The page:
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When Is Shooting An Intruder Justified?

CHICAGO (CBS) -- A Chicago homeowner is in custody after shooting an intruder in his backyard in East Garfield Park.

After a string of recent shootings involving homeowners, CBS 2 wanted to know when pulling the trigger is justified.

Legal experts tell CBS 2 everything hinges on what state you're in. In Illinois, shooting at a trespasser isn't necessarily an act of self defense, even for a licensed gun owner.

Back in April, a 78-year-old homeowner shot a would-be robber when he tried to break into his home on the city's Northwest Side.

"It was a tough decision. It's not like going hunting," said the man. "It's hard to shoot a human and not think about it."

In May, a homeowner in Uptown pulled the trigger on a robber at his home, too.

Just this month, a homeowner in Gurnee shot and killed a 14-year-old as he and another boy allegedly exited a stolen car and approached him.

What the three have in common: They were all licensed to carry guns and considered in the right.

Tuesday morning's shooting in East Garfield Park is not so clear cut.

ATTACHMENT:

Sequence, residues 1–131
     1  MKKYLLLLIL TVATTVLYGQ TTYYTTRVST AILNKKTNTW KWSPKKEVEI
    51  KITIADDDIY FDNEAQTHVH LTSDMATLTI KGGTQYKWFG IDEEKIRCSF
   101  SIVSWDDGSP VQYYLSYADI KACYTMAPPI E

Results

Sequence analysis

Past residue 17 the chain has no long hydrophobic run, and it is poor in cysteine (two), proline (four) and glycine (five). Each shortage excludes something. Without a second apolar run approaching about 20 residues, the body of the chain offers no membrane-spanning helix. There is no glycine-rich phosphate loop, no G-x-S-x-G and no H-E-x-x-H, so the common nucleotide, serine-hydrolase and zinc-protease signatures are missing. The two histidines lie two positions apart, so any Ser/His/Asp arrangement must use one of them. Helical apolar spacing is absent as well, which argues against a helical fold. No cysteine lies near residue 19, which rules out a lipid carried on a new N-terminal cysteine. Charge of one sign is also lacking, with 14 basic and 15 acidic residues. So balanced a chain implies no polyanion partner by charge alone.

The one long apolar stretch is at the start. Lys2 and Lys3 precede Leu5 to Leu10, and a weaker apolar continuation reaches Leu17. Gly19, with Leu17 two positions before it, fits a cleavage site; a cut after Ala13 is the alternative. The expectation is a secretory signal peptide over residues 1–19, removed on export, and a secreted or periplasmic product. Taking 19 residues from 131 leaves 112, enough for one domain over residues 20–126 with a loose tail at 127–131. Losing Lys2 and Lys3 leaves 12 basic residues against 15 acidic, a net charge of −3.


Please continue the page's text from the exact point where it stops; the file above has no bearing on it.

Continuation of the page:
Police said a homeowner shot an intruder he found in his backyard shortly before 5:00 in the morning. At last check, the homeowner was in custody.

Self-defense legal expert Gus Kostopoulos said that may be because trespassing isn't enough to pull the trigger.

"He'd have to show that the person was a threat to him," Kostopoulos said.

According to the National Conference of State Legislatures, so-called "Stand Your Ground" laws in at least 25 states, not including Illinois, said that there is "no duty to retreat" from an attacker in a place that they have a lawful right to be.

But Illinois is one of seven states that have adopted Stand Your Ground guidelines in practice. So if it's reasonable to believe that a trespasser is threatening you, a homeowner could be in the clear to fire shots.

"As a practical matter, if somebody's breaking into your house in the middle of the night, the fact that there's not a formal Stand Your Ground law, you could still assert a very strong self defense claim in that circumstance," Kostopoulos said.

At last check, the alleged trespasser who was shot was in good condition. No charges have been filed at this time, and the investigation is still pending.



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